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EC    16

However, if there is no "crisis" to solve in a mixed economy such as ours the politicians would be out of a job and they can't have that, thus we are supposedly "running out" of oil. Even though the real culprits for the rise in the price of oil are environmental regulations and increased demand due to emerging markets. And now the left is trying to raise the gas tax even more because they are not recieving enough revenue to "fix the roads" because of a reduction of gas consumption due to high prices, caused by them! It is insane. They are not able to loot enough money due to their own restrictions so they propose to make the cost higher in an attempt to loot more. Don't they know that raising the price of gas even higher isn't the most prudent thing to do right now. It's like a downward spiral of nonsense.

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even if we did run out of oil, I think this would only cause a short-term energy crisis (say a few years?) We still have nuclear, wind, and solar power, plus biofuels. All except nuclear are renewable, and nuclear would last well into the future until we had to worry about energy again. it would just be the matter of switching everything over that would be the problem.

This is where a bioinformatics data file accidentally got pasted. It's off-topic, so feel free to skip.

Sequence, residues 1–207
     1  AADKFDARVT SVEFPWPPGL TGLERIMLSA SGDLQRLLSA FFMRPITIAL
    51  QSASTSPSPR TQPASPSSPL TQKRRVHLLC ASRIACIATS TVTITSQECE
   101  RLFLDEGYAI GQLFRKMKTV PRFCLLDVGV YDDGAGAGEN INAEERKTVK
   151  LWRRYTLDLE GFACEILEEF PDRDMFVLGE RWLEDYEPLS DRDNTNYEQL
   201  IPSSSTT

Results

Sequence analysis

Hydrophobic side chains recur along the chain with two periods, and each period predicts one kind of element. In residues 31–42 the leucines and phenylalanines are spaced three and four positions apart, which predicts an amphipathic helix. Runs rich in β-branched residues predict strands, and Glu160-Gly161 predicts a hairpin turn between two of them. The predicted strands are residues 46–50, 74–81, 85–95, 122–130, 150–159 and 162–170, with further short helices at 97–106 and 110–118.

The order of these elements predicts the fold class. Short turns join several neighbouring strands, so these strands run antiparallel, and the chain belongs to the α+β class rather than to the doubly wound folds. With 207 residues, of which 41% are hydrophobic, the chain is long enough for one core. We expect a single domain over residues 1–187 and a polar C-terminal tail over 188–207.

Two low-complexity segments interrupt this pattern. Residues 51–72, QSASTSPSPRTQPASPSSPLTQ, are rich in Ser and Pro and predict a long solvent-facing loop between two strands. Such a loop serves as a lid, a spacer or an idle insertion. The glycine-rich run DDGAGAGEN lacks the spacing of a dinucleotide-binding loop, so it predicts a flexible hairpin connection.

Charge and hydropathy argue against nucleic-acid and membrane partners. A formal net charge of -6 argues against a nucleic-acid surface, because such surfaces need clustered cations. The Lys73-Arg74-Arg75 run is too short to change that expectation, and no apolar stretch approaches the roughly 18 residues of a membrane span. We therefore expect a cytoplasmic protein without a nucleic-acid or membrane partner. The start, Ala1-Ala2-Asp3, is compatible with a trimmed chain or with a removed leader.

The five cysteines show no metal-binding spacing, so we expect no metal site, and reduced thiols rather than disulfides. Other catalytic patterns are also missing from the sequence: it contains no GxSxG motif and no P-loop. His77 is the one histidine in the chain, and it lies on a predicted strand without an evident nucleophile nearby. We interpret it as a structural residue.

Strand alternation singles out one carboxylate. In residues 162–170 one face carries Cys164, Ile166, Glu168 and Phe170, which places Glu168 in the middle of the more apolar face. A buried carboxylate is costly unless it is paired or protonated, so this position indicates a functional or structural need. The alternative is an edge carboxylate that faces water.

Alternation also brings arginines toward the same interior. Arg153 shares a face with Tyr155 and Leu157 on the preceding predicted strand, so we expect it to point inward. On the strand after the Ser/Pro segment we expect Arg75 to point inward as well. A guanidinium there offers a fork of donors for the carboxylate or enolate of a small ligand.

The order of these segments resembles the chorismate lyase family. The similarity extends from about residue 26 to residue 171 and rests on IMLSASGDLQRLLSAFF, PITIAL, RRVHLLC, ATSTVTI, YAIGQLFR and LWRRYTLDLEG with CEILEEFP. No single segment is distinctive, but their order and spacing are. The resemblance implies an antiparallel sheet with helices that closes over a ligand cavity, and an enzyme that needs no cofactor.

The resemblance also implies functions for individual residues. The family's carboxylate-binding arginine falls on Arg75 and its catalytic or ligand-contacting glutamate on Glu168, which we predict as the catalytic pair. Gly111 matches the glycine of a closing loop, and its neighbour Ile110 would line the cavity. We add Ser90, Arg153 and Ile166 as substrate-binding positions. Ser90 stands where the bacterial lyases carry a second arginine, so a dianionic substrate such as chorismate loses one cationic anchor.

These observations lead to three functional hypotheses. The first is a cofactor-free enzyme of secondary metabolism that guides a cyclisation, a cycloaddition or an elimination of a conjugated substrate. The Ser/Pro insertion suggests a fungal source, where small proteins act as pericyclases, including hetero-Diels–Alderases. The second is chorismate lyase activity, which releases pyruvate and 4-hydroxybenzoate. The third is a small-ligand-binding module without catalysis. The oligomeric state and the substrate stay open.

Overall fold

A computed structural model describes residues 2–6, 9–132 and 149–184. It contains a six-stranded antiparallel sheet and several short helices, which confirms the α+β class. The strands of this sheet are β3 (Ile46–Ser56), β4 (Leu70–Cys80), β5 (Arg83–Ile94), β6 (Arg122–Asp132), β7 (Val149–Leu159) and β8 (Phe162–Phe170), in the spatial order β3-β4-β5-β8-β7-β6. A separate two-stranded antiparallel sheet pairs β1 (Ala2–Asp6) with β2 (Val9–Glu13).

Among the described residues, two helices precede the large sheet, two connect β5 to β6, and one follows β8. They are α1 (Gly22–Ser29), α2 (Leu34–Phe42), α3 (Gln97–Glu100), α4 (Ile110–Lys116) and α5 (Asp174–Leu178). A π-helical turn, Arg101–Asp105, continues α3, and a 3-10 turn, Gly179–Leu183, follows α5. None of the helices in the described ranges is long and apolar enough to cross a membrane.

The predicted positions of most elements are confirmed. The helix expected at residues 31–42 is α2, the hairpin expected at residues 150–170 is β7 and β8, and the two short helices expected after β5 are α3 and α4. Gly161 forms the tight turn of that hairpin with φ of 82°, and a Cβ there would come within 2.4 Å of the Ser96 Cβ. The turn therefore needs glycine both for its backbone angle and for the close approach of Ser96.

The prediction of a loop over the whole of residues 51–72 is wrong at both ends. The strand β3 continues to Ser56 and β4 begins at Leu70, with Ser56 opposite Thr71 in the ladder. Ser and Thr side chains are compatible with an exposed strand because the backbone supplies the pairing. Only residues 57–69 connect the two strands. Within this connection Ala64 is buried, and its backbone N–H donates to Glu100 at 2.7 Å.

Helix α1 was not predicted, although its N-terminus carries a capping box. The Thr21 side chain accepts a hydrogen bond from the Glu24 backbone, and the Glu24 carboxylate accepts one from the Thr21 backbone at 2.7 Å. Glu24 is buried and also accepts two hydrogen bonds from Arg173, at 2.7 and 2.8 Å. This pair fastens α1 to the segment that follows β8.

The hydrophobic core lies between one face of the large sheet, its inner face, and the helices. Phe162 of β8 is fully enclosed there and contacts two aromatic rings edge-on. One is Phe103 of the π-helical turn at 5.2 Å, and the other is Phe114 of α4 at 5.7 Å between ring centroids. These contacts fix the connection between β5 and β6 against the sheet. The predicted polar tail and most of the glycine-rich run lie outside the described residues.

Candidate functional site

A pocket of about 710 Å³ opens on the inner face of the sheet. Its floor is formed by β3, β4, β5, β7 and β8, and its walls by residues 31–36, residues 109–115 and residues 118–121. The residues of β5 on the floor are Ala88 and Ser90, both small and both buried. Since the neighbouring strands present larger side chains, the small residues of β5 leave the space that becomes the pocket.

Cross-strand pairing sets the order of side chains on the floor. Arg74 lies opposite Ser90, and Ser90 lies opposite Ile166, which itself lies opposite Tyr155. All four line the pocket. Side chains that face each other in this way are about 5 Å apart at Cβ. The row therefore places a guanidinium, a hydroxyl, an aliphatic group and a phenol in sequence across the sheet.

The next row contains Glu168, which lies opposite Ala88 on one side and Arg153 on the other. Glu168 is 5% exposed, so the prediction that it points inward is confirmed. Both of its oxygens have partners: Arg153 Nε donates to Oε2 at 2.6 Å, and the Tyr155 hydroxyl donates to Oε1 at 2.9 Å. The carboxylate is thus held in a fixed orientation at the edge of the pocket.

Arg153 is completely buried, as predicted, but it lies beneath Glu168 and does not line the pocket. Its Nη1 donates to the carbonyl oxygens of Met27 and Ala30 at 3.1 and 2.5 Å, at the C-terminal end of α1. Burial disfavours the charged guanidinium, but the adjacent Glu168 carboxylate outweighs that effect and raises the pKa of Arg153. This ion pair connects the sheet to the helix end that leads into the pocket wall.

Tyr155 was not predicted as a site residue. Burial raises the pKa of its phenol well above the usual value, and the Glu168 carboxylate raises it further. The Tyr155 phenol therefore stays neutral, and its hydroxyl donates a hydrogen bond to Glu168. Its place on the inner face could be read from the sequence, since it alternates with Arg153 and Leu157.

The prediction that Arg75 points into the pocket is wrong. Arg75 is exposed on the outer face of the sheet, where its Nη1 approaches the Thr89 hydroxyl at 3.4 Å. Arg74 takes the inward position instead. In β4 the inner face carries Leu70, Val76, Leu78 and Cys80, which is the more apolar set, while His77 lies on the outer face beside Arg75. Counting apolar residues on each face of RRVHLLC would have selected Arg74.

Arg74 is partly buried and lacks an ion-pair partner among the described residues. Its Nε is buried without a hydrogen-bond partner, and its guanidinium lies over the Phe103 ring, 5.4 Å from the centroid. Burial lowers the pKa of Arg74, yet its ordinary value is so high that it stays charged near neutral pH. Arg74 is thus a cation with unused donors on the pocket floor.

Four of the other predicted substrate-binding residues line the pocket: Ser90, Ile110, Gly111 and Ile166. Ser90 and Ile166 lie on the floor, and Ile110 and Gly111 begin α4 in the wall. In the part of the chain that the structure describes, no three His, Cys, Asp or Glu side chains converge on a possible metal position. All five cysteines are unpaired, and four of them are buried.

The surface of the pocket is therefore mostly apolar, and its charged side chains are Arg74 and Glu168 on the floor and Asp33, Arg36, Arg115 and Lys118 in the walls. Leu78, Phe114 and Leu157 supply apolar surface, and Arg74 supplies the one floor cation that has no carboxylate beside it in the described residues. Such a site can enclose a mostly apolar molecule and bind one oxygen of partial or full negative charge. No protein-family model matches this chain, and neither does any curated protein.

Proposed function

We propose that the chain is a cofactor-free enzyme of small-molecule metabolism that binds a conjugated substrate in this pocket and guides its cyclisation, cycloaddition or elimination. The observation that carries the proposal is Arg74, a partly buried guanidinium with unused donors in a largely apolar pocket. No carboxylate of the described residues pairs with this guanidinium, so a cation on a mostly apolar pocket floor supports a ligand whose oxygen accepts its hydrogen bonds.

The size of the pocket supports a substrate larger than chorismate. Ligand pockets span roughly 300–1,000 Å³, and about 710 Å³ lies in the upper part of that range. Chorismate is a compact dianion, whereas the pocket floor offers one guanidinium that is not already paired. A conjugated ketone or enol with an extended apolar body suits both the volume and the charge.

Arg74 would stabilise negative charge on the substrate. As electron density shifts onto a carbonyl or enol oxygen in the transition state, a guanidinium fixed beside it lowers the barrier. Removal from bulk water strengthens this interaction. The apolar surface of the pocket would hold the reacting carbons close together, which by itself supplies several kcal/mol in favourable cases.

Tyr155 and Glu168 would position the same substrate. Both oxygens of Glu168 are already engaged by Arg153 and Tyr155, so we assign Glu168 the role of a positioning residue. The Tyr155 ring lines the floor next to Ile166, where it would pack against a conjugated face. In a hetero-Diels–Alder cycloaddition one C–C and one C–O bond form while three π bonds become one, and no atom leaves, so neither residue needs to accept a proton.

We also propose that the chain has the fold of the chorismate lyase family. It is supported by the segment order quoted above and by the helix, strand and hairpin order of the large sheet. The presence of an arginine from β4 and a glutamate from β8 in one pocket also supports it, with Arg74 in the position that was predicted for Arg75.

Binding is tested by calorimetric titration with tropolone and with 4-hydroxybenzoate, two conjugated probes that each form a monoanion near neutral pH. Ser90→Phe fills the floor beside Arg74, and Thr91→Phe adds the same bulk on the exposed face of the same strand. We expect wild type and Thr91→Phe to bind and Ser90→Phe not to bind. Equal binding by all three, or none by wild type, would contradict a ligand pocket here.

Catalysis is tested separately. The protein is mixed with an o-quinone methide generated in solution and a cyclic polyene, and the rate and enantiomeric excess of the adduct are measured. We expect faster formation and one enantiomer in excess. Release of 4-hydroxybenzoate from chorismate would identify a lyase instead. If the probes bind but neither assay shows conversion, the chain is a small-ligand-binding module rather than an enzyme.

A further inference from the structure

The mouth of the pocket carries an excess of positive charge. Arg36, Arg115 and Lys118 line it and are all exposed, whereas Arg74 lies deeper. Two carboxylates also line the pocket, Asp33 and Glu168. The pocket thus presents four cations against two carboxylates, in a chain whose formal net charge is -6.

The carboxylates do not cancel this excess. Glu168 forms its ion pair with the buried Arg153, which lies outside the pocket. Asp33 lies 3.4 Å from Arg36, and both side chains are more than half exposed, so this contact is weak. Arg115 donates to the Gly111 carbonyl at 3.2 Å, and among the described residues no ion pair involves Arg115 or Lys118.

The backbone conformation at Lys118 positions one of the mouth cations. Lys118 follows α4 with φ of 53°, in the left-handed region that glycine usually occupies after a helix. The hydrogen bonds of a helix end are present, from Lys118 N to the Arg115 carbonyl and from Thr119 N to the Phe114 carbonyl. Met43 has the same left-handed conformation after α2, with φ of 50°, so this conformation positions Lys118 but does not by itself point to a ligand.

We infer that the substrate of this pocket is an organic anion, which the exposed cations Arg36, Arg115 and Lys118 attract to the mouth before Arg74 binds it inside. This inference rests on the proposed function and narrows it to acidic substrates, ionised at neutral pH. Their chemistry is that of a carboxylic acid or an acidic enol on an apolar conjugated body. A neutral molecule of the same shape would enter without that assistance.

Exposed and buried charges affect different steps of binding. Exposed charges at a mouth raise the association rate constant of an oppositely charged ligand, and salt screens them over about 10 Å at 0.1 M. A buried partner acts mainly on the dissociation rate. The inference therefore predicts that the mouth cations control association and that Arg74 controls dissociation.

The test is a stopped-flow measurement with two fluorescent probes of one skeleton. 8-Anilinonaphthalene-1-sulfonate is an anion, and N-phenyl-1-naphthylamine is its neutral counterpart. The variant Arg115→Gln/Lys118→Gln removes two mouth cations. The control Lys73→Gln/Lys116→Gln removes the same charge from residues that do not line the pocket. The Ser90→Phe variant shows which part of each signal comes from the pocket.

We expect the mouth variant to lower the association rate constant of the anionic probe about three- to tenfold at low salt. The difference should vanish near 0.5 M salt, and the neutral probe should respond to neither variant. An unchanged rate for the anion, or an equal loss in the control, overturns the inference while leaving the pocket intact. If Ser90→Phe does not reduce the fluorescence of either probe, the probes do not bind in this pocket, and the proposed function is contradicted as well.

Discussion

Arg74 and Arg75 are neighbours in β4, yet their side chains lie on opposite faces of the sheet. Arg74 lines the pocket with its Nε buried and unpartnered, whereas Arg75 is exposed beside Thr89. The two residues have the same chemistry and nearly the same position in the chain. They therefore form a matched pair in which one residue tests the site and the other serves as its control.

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Practical nuclear fusion will be a major turning point in energy production, if it can use the deuterium in the earth's oceans. There's a vast amount of deuterium there that can be extracted. The ability to use it productively would provide an energy capacity that would dwarf every other energy producing system used today, including nuclear fission.

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Practical nuclear fusion will be a major turning point in energy production, if it can use the deuterium in the earth's oceans.

Academically and scientifically, yes. Practically, I doubt it will have a big impact. Fission power plants still have the capability to last hundreds if not thousands of years and they will likely be cheaper than nuclear fusion.